Nurses’ monitoring of the Road to Health Chart at primary healthcare level in Makhado, Limpopo province

  • G Kitenge
  • I Govender
Keywords: immunisation, malnutrition, anthropometric indices, child mortality, child health

Abstract

Background: The Road to Health Chart (RTHC) is a record chart carried by the caregiver that combines essential information on the growth monitoring of a child, immunisation, vitamin A supplementation, deworming medicine and other illnesses. It provides useful information to the parent and healthcare professional. This study sought to determine the challenges faced by professional nurses in monitoring the RTHC during consultation, the degree of implementation of the RTHC programme, and the most utilised aspect of the RTHC at Louis Trichardt Memorial Hospital and surrounding primary healthcare (PHC) clinics.
Method: A cross-sectional study was conducted among 128 registered professional nurses. A self-administered questionnaire was used.
Results: Ninety-six questionnaires were completed. Most of the respondents were female and aged 40-49 years. The majority of the PHC professional nurses stated that the challenges faced in monitoring the RTHC were staff shortages, lack of equipment, a work overload and unequal distribution of professional nurses on duty per shift. There was poor knowledge on how to identify malnutrition. The majority of PHC professional nurses had not completed their basic courses.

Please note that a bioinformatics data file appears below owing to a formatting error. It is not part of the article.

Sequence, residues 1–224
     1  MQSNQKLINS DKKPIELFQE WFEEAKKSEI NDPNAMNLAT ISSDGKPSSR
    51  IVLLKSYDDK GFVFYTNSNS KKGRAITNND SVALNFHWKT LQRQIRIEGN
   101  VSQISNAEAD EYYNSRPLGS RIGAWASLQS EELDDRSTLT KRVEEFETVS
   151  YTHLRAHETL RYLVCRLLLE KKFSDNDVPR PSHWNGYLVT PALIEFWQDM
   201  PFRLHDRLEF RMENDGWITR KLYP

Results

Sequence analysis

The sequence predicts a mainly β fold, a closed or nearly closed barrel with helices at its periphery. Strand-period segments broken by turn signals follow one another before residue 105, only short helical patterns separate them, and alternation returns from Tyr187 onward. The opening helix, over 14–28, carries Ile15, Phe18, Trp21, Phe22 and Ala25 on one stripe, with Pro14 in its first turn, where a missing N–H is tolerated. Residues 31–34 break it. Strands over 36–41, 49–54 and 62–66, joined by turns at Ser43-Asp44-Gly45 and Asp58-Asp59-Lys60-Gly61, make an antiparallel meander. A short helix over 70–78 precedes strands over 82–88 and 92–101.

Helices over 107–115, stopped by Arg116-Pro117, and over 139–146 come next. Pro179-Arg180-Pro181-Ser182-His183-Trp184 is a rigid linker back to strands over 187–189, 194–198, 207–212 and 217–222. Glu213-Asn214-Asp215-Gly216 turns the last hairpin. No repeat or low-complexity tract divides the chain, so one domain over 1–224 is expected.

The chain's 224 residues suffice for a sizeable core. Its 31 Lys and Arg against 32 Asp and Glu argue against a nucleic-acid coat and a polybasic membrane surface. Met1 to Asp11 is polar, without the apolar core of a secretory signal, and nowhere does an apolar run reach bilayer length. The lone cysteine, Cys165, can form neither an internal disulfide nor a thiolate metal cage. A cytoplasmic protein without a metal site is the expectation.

Conclusion: PHC professional nurses voiced their concern that challenges encountered during consultations were direct reasons for their poor monitoring of the RTHC. The degree of implementation of the RTHC programme fell short of the norms and standards of the Department of Health and Social Development concerning child health care in South Africa. The most utilised aspect of the RTHC was the expanded programme on immunisation, vitamin A supplementation and deworming medicine.

Keywords: immunisation, malnutrition, anthropometric indices, child mortality, child health

Published
2013-07-08
Section
Articles

Journal Identifiers


eISSN: 2078-6204
print ISSN: 2078-6190